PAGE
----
Malcolm Ewen, founding artistic director at Playhouse, created home for artists at Weston

Malcolm Ewen, a founding director of the Weston Playhouse Theatre Company, beloved colleague and friend, died Monday in Chicago after a long battle with cancer. He was 64.

In 1988, Mr. Ewen, Tim Fort and Steve Stettler, took the reins of Weston Playhouse, rededicating the theater to its community, reorganizing it as a not-for-profit company, and entering into an agreement with Actors’ Equity, the professional union of actors and stage managers.

In a Facebook post on Wednesday, Mr. Fort and Mr. Stettler wrote, “Mal was our partner, our brother, and our soulmate for more than four decades. Although his career included Broadway and London’s National Theatre, he was never happier than when creating theatre with the Weston family which he helped to nurture. His love of life and theatre was the essence of the Weston experience and remains an example for all of us.”

Mr. Ewen personally guided the expansion of the company’s accessibility, now a leader in the state. Weston has grown to become an award-winning regional theater, nationally known for its multi-stage summer festival and its year-round Education and New Works programs.

His impact on Weston will be felt far into the future since he was instrumental in opening a new second stage in 2017, Weston Playhouse at Walker Farm, an incubator for the arts and a hub for community engagement.

Actors fondly remember his iconic “red tech hat,” which came to symbolize his approach to the arduous 12-hour technical rehearsals. “Remember,” he would say, “It’s called a play ​for a reason. Have fun and tell the story.”

Charma Bonanno, Weston Playhouse’s director of development, and her husband David, a long-time actor with WPTC, who live in Weston, say, ” ‘Uncle’ Mal was irreplaceable; a dear, loving friend for decades. His warmth infused everyone around him and made Weston the kind of place an artist would want to return to again and again.”

Mr. Ewen was the heart of the Weston Playhouse Theatre Company, making every artist and theatre-maker feel at home and a part of the Weston family. He will be remembered as a creative leader and inspiring mentor. His joyful spirit is forever woven into the fabric of the company.

Actress Susan Haefner of Andover recalls, “Mal had time for everyone. And if he didn’t have time, he made time. He was a friend to all. As a director, he took every cast under his wing and made us feel like a family. After 9/11, when we were doing Of Mice and Men and we thought the world was coming to an end, Mal held us together and gave us hope, and at that moment, our friendships were cemented for life. We felt safe. Mal made us all feel special, unique, and accepted as artists. We will miss him terribly.”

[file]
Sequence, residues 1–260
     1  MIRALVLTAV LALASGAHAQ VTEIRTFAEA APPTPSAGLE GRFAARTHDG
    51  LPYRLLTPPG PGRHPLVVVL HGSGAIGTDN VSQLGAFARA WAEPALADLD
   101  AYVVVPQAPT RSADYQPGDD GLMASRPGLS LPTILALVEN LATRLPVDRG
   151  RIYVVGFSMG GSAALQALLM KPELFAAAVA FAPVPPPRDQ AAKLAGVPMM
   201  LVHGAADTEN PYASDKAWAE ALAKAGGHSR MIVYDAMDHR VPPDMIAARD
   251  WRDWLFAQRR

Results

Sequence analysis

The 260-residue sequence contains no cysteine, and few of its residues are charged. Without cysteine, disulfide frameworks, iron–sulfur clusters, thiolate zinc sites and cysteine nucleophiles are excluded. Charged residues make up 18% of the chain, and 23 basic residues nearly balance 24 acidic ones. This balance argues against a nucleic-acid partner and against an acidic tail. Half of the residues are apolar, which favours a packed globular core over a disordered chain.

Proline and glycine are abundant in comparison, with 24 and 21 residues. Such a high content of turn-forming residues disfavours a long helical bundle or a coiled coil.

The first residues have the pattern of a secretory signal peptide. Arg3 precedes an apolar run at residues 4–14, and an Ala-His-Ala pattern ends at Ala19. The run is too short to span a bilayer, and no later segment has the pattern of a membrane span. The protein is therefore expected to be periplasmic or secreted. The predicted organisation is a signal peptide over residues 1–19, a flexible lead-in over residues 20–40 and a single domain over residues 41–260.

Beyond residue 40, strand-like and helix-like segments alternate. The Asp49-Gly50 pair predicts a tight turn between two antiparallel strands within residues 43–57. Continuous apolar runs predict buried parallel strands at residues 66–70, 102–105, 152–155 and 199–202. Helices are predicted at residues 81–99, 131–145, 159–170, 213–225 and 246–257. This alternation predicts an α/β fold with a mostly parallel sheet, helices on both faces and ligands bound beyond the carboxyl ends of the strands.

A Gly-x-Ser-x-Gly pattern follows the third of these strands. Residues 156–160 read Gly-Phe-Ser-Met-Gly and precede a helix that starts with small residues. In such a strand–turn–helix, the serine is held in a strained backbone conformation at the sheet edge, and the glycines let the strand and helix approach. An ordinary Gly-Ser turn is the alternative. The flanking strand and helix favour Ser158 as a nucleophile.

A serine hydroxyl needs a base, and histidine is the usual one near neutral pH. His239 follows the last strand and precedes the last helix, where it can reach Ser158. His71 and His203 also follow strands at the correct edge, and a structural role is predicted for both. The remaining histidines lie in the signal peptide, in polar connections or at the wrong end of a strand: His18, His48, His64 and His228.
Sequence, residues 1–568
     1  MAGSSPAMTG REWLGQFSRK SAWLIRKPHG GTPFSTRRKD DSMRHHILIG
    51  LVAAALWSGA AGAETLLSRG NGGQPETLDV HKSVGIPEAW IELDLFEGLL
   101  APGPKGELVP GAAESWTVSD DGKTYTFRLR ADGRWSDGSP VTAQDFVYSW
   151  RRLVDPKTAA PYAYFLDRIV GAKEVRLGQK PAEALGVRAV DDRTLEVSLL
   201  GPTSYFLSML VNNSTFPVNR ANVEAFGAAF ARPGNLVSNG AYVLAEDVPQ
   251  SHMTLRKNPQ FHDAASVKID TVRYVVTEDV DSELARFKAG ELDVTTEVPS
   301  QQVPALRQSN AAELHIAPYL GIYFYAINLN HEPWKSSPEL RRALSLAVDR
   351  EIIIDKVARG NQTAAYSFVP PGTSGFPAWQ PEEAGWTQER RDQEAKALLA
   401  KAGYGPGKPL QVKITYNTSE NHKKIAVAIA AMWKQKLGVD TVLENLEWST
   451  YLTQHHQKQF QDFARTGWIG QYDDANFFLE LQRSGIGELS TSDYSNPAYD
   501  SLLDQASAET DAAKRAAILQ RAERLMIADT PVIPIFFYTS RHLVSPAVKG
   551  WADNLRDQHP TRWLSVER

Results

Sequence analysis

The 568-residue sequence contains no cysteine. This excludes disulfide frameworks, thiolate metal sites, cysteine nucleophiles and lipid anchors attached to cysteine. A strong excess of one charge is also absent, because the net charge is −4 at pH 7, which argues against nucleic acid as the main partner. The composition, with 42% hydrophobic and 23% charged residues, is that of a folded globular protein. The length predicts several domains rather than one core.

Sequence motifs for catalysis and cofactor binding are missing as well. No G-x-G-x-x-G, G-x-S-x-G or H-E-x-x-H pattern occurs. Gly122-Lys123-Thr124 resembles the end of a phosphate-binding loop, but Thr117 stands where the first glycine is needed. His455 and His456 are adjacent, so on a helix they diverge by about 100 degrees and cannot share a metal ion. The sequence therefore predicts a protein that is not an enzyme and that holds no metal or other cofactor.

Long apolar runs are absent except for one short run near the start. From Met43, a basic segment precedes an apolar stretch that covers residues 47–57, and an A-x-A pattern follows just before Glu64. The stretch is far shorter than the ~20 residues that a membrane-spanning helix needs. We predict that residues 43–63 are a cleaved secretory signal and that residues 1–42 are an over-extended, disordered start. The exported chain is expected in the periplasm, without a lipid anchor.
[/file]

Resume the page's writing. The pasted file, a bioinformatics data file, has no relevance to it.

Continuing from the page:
The theater company will be dedicating this, its 83rd season, to Mr. Ewen and honoring him with a memorial in Weston later this summer. Arrangements are being made and will be announced shortly.

Executive Artistic Director Susanna Gellert says, “Malcolm’s love for this theater, its artistry, and its community, are the cornerstone of Weston’s work today. His joy and abounding love for the family he created in Weston were infectious. We are profoundly fortunate to have known, loved, and learned from him.”

“No words can fully express our sadness at Malcolm’s death or our gratitude for the opportunity to know him,” says Londonderry resident Oliver Olsen, chair of the WPTC board of directors. “Over the years, he shaped and developed a company culture that continues to define Weston as an extraordinary and special place for artists to do their best work.”

Over the course of his tenure, Mr. Ewen directed many productions and audience favorites including: The Music Man, Guys and Dolls, To Kill A Mockingbird, Chicago, The Oath, The Threepenny Opera, Doubt, Urinetown, The Drawer Boy, The Full Monty, Ragtime, Stones in his Pockets ​and Of Mice and Men​. Last year, his production of Fun Home opened the inaugural summer season at Weston Playhouse at Walker Farm.

Mr. Ewen has also been a member of the Steppenwolf Theatre family since 1987, receiving an invitation into Steppenwolf Ensemble in March 2019, the first stage manager to be asked to join the company. During his 32 years there, he stage managed more than 40 shows and took four productions to Broadway, including the recent Tony Award winning production of Edward Albee’s Who’s Afraid of Virginia Woolf​?

He was the 2014 recipient of the Robert Christen Award for Technical Collaboration presented by the Michael Merritt Awards and in 2018, he received the Del Hughes Award for lifetime achievement in stage management given by the Stage Manager’s Association of the United States.

A lifetime advocate for actors and stage managers’ equitable treatment in the workplace, Mr. Ewen was proud to serve on the Council of Actors’ Equity Association, diligently fighting for the rights of his fellow union members. Mr. Ewen was also a proud, long-serving board member for Season of Concern, and helped many theaters raise money over the course of his career. He previously served on the board of The Actors Fund.

In addition to his theater family, Mr. Ewen is survived by his brother William Ewen, sister Camilla Durbin and five nephews and nieces. His wonderful spirit will be missed by so many.

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